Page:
There is a perception by some that the bed tax is a painless fee assessed on faceless visitors from outside our county. But to those of us with B&B’s, inns, and motels, these people are not just customers, they are guests—many of whom return to our places again and again. And our guests get absolutely nothing for the dollars they shell out for the bed tax.
The difficult economy that we all face has been especially tough on working class and lower-to-moderate middle class folks—the kind of people who stay at smaller lodging properties. People don’t have the disposable income they had 15 years ago, and many already have to think twice before committing to a weekend getaway. Raising the bed tax on these folks will only make that decision tougher. Occupancy rates will drop as a result, and some lodging businesses may close. The bed tax on empty or closed rooms, remember, is 0 percent.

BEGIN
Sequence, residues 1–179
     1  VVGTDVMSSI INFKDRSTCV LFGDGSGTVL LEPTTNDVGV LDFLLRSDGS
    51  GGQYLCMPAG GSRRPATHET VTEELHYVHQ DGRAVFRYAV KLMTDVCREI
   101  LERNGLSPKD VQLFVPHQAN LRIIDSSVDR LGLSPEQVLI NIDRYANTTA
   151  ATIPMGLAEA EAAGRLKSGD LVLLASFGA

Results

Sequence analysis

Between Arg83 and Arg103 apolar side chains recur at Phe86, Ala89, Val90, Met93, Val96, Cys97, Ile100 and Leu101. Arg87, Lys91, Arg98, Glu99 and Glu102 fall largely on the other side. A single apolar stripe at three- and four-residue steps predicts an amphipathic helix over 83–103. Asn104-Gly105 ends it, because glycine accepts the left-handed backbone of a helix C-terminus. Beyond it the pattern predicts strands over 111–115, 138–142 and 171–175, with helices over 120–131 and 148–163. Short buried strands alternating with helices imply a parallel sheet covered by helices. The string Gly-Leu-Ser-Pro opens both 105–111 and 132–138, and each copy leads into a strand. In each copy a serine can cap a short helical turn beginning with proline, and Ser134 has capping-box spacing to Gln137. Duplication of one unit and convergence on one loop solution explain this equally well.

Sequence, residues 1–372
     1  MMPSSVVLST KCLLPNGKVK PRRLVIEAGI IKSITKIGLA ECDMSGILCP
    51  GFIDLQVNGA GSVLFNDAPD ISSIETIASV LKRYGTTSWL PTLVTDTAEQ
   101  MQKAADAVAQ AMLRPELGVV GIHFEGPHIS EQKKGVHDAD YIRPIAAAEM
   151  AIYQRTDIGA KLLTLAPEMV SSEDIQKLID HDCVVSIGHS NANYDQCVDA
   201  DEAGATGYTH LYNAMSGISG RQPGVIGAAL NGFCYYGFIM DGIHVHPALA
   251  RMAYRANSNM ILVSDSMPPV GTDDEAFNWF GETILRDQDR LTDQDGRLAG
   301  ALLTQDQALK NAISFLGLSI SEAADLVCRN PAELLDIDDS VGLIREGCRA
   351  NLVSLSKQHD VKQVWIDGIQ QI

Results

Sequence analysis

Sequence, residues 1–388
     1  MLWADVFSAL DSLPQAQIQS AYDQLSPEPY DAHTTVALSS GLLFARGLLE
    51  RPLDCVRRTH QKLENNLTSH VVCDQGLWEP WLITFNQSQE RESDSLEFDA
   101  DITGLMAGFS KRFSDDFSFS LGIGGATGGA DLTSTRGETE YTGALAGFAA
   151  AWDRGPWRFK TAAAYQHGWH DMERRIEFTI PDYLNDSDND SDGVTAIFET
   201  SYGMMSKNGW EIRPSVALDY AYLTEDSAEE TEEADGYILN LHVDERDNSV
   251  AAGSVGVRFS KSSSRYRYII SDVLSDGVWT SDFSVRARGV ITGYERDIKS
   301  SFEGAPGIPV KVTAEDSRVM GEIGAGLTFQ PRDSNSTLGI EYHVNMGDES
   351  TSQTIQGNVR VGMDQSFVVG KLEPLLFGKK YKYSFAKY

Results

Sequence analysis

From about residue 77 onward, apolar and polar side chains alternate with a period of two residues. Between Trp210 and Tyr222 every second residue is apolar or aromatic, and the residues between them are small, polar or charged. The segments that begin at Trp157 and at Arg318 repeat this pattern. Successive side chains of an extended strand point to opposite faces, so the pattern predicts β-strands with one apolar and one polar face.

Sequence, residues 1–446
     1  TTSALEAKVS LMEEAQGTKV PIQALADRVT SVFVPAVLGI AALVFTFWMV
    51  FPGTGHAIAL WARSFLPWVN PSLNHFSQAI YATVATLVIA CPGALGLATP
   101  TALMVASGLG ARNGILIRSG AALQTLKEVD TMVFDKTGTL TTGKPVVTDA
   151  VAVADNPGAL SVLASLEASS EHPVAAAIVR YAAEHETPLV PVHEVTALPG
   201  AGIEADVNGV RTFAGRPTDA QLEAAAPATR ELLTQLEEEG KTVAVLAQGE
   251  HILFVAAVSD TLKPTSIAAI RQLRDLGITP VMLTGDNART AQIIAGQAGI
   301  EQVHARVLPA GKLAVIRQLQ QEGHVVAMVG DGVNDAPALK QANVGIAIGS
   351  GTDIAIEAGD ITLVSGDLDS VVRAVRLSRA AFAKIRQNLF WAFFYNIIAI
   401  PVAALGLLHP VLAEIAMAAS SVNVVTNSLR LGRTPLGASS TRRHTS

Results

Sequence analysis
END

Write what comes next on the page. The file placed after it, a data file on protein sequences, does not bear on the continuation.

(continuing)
Essex County no doubt faces a daunting fiscal situation. If the bed tax must be raised, how about raising it on rooms at the high end—say, $150 and up. Folks who can pay that much for a night’s rest probably won’t lose a wink of sleep paying an extra 2 percent. The additional funds raised could then be directed to the county’s 18 towns, and tourism groups within those towns, to build up our tourism “infrastructure”—creating programs and amenities that will give visitors lots more reasons to come back to Essex County.
By creating a two-tiered tax structure, much like what is being contemplated nationally, the county can level the playing field for lodging businesses. Only this time, everyone will benefit.
Fred Balzac, Jay